MiFID 11 Article 25 (1) introduces a requirement that firms must ensure that individuals providing advice or information to clients possess the necessary knowledge and competence to ensure that firms meet their investor protection obligations (under Articles 24 and 25).
In response to CP 16/29, firms wanted clarification on who was deemed to give “investment information” and what this would mean to individuals in firms.
In PS 17/14 18.10, the FCA confirms that the MiFID’s definition of investment advice involves the provision of a personal recommendation to a client. The definition of “giving information” in the guidelines requires an assessment of whether the staff member directly interacts with a client and whether the staff member provides services or activities listed in sections A or B of Annex 1 of MiFID II.
3. Maximum and Minimum Timeframes to attain competence
The ESMA guidelines have introduced some concepts which are new to the UK. These include a maximum time of 4 years during which employees need to acquire knowledge and competence and a minimum time of 6 months for employees to be considered eligible to have acquired appropriate experience and can work unsupervised.
In response to a question in CP16/43 18.15, of how to define relevant experience, the FCA pointed to the guideline definition of “appropriate experience” including that “the member of staff has successfully demonstrated the ability to perform the relevant services through previous work.” They go on to advise that this work must be relevant to the role being performed.
We saw in RDR the introduction of the 30-month rule for the achievement of qualifications but this was for retail investment advisers only, so the 4 year rule will now impact this population too.
The policy statement confirms the introduction of these maximum and minimum timescales. The ESMA guidelines do not allow for grandfathering and therefore firms will need to be ready to comply from the 3rd of January, ensuring any individuals working under supervision, do so only for the maximum 4 years.
4. Qualifications and CPD
ESMA requires employees to have both an appropriate qualification and appropriate experience. Where qualifications are not mandated by TC, the regulators aim to allow firms flexibility so that employees can achieve the required qualification through tests or training courses that meet the criteria set out by the guidelines. (It is confirmed that the review of appropriate qualifications could be undertaken by the firm or an external body).
Ensuring staff possess an appropriate qualification and maintain and update their knowledge and competence by undertaking CPD is a potentially significant problem for firms, tracking, recording and monitoring for example. However, mandating CPD aligns other roles with the demands placed on retail investment advisers and can only be a step in the right direction in terms of professionalism.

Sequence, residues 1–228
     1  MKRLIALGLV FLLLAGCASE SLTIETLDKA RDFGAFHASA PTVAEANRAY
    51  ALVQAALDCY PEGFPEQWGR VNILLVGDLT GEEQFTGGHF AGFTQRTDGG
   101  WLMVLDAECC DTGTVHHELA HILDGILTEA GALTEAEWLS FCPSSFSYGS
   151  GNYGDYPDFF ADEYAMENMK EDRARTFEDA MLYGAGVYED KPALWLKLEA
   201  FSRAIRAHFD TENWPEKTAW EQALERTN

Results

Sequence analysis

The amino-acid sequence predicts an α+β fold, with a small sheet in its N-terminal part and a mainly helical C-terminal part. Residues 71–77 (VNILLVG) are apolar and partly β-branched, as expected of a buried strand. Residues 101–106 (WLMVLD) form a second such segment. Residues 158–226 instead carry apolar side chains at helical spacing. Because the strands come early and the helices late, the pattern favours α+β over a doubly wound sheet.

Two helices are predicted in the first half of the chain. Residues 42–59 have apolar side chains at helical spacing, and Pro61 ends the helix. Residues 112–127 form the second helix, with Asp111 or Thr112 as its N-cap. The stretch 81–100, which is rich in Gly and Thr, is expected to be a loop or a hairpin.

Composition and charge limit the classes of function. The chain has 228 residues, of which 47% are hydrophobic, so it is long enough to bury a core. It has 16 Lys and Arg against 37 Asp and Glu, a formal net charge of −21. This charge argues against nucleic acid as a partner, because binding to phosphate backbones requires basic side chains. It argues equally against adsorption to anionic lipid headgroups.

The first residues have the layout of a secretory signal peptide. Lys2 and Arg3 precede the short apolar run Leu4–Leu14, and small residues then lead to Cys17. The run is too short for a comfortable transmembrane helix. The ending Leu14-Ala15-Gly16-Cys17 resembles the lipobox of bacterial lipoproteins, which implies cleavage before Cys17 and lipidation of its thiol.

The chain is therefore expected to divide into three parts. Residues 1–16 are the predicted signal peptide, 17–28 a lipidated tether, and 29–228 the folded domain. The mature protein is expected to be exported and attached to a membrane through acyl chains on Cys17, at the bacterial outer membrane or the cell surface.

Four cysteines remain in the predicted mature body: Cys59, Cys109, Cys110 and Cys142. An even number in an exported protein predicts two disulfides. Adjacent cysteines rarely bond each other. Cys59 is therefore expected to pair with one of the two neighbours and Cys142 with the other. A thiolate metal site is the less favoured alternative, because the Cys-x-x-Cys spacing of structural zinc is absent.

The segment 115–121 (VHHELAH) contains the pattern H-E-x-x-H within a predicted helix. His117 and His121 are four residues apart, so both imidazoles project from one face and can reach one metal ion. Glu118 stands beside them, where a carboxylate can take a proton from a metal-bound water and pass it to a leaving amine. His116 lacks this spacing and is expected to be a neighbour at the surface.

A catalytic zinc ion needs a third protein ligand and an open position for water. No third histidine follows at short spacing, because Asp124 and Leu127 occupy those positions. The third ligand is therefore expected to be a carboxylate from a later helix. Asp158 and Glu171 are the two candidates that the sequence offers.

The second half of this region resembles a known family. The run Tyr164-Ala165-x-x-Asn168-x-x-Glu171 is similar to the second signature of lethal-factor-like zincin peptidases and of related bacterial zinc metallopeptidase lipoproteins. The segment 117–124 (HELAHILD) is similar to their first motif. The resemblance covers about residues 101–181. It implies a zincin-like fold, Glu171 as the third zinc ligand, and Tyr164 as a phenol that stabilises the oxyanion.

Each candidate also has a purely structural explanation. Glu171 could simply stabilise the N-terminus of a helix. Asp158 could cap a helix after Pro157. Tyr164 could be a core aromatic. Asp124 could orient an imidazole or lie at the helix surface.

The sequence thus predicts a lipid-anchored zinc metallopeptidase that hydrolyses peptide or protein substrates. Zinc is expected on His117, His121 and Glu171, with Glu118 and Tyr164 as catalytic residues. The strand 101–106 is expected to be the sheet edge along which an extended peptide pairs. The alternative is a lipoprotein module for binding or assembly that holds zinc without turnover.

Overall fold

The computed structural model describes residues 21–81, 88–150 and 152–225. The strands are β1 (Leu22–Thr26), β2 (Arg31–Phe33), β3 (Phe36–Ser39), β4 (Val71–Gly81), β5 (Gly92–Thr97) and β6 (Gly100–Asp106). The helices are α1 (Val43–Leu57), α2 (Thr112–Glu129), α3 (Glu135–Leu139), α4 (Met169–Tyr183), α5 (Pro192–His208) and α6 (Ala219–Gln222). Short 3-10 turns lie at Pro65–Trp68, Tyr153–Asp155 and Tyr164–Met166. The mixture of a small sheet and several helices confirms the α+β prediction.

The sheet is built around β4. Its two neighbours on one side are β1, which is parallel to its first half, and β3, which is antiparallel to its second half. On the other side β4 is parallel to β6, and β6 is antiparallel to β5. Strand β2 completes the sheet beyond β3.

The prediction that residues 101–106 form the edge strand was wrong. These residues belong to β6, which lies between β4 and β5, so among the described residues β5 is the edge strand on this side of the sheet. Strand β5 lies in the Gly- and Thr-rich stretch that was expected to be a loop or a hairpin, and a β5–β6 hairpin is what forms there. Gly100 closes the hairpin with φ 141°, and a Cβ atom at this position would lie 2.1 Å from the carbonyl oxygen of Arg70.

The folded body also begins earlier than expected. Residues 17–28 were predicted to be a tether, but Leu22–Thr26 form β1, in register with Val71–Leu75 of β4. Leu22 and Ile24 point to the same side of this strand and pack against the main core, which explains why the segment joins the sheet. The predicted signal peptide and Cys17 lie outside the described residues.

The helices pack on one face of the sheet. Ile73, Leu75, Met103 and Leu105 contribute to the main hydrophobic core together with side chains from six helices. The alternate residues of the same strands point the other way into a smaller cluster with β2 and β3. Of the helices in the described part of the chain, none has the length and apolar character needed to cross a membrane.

The FCA believes that their expectations in relation to qualifications and CPD are already in line with MiFID’s objectives and have confirmed that they are not extending the list of retail qualifications in TC, nor will they set out mandatory qualifications in SYSC. SYSC also offers guidance on qualifications and CPD (if not subject to TC).
They advise firms to consider the ESMA requirements so they can ensure any qualifications, training courses and tests meet the criteria.
Earlier in the paper, we confirmed the requirement for employees to work under supervision while they are working to attain an appropriate qualification and relevant experience for a maximum period of four years.
The ESMA guidelines (paragraph 20d) state that “the level and intensity of supervision should reflect the relevant qualification and experience of the staff member being supervised and this could include, where appropriate, supervision during client meetings and other forms of communication such as telephone calls and e-mails.”
The FCA confirms that they believe that existing guidance in TC and SYSC is consistent with the statement above, however the requirement that relevant individuals who supervise should hold an appropriate qualification required an amendment to the new rule in SYSC to ensure this is clear. (this brings the rule for appropriate qualifications for Supervisors in line with Article 25 (1) MiFID.
The FCA also took the opportunity to provide further details regarding its position on firms choosing to outsource Supervision to a 3rd party. They confirmed that firms must be very clear on and manage the operational risks that outsourcing can bring, ensuring due diligence on selection of a 3rd party, regular evaluations of the effectiveness of the model and of course that the firm ultimately remains fully responsible and accountable.